Wednesday, February 20, 2019

#BookReview: THE WORLD ACCORDING TO FANNIE DAVIS:My Mother's Life in the Detroit Numbers by Bridgett M. Davis

Synopsis: Offering a daughter's perspective on her larger-than-life mother, Bridgett Davis traces her family's story as part of the Great Migration, showing how her mother and father arrived in Detroit from Tennessee carrying with them not just their own hopes but also those of their families. A child gifted with extraordinary powers of perception and understanding, Davis breaks the code of secrecy around her mother's business and in so doing reveals both her mothers' extraordinary sacrifices as well as her seemingly endless generosity. We come to understand just how keenly Fannie Davis believed in the power of money, and family, to make the world right.

Review: Black mothers are amazing. Don't hit me with "all mothers are amazing" because while they might be good, black mothers are amazing because they're tasked with preparing black children to face a life that won't always be kind to them and won't think they're amazing. Fannie Davis created a blueprint for life that showed her kids, the author in particular, that they were special, there was nothing they couldn't do and no one could place limitations on them.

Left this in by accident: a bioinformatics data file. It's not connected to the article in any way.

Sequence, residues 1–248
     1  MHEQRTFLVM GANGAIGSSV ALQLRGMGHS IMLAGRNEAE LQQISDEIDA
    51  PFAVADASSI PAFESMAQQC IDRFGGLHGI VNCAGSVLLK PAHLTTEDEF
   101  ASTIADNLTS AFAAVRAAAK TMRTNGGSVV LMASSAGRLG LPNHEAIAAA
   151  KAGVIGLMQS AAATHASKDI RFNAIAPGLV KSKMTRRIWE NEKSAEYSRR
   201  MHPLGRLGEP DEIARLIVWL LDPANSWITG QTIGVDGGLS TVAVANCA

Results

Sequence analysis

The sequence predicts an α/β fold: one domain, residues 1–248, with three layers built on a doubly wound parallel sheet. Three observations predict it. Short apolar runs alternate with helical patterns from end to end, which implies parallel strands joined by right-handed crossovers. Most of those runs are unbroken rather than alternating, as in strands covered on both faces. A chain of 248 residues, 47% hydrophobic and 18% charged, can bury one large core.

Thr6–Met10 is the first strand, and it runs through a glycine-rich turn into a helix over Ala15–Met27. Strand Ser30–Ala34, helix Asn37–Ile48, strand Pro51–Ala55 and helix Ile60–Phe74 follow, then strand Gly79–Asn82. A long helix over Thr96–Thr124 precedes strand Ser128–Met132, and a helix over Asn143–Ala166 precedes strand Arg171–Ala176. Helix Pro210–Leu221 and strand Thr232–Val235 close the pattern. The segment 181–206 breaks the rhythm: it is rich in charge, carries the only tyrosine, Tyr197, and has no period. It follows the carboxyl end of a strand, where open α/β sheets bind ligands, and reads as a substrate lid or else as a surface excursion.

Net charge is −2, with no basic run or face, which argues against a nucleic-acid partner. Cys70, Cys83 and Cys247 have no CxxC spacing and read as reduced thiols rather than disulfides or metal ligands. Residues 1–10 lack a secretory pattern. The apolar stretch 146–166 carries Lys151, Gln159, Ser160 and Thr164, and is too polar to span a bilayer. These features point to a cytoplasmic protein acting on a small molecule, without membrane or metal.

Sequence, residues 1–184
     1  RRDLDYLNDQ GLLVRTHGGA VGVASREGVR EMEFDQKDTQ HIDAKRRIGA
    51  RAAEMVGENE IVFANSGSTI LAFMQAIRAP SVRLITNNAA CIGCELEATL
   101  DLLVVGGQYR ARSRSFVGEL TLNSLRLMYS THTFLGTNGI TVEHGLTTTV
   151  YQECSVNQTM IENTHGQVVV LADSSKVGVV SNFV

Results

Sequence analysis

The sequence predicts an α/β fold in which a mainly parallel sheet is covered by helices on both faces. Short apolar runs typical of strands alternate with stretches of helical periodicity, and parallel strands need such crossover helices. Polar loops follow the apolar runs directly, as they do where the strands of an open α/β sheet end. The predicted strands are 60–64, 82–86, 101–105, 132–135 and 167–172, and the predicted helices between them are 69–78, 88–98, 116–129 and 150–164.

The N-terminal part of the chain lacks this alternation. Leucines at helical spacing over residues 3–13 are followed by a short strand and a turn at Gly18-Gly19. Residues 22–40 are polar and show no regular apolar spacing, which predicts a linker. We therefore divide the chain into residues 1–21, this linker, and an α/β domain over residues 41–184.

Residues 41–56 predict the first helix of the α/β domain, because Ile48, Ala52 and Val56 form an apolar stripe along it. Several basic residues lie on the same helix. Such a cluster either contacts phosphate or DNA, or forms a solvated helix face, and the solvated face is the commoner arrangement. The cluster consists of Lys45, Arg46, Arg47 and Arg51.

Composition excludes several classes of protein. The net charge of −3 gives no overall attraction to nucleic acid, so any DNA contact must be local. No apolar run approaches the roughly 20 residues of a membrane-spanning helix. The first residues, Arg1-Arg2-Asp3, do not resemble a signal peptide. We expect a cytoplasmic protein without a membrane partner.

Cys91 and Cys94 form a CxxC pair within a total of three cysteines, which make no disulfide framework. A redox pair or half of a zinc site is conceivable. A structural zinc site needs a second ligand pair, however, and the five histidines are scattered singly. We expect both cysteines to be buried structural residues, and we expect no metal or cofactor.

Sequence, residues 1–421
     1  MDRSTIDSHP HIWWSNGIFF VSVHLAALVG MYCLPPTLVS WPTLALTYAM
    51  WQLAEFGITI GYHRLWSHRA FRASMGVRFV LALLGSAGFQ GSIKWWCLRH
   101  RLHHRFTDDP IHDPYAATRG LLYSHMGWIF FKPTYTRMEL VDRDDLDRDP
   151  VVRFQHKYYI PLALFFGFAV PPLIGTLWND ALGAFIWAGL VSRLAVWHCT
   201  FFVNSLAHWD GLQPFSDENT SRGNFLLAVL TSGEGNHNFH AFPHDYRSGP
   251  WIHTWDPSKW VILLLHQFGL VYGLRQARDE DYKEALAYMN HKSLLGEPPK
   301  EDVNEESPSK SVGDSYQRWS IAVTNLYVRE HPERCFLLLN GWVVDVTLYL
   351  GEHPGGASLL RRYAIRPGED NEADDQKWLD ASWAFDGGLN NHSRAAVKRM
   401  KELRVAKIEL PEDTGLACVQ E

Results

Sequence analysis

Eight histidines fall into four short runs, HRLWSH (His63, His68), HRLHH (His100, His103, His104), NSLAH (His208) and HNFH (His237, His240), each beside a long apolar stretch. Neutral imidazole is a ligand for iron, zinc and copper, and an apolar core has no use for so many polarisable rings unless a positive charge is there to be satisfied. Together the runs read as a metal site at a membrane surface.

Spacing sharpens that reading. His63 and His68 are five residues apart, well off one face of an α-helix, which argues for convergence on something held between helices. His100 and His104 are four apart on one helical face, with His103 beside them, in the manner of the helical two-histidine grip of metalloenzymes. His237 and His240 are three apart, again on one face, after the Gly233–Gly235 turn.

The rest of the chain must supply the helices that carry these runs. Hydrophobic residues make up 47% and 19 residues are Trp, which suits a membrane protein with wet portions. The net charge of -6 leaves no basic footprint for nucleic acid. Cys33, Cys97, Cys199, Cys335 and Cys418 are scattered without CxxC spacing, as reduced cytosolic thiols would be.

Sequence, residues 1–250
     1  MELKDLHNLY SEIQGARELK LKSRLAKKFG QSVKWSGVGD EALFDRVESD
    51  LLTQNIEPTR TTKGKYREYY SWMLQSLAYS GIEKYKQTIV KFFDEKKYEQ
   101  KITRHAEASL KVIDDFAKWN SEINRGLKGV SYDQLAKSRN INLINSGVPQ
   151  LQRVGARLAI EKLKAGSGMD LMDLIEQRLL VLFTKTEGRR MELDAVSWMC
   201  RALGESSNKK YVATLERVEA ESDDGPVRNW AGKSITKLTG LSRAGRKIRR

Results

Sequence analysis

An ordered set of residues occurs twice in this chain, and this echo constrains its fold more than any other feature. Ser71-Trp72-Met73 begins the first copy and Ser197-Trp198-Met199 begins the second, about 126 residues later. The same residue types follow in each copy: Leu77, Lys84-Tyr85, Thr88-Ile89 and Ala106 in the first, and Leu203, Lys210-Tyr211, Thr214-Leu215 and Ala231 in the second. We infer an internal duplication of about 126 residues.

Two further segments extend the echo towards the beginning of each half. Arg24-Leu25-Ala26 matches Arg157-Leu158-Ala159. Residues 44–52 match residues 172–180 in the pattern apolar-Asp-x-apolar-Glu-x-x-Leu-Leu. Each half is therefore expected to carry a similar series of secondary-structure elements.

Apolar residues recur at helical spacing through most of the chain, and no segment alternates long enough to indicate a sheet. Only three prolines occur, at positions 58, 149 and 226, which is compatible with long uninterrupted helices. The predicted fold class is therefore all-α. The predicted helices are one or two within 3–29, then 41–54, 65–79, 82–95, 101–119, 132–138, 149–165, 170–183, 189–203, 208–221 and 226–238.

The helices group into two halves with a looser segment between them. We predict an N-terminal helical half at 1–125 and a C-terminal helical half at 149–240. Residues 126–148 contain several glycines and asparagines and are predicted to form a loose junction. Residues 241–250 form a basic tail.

I grew up with a granny who loved playing the lottery. I have vivid memories of going to the neighborhood liquor store (because no one batted an eye in the 80s when kids bought lottery tickets and cigarettes) to play her numbers, straight and boxed. And though she never told me, I suspect that my granny, a Tennessee transplant living in East St. Louis, IL, played the numbers long before the lottery became an official entity. So I understood how important the numbers were to the black community - a chance to pay a little for a potentially big payout, a little hope for a few dollars, and the excitement when your number hit.

I was immediately drawn into Fannie Davis's story, learning the flip side of how the numbers worked and the ability to turn that knowledge and ingenuity into a life long enterprise that afforded her and her family nice houses in good neighborhoods, education at private college, luxury vacations, and the ability to walk away from a marriage that was no longer working for her, because she could afford to do so. I love the example she set for her children, her daughters especially. I'm so glad Bridgett M. Davis shared the story of her family and her mother with us and I think you will be too.

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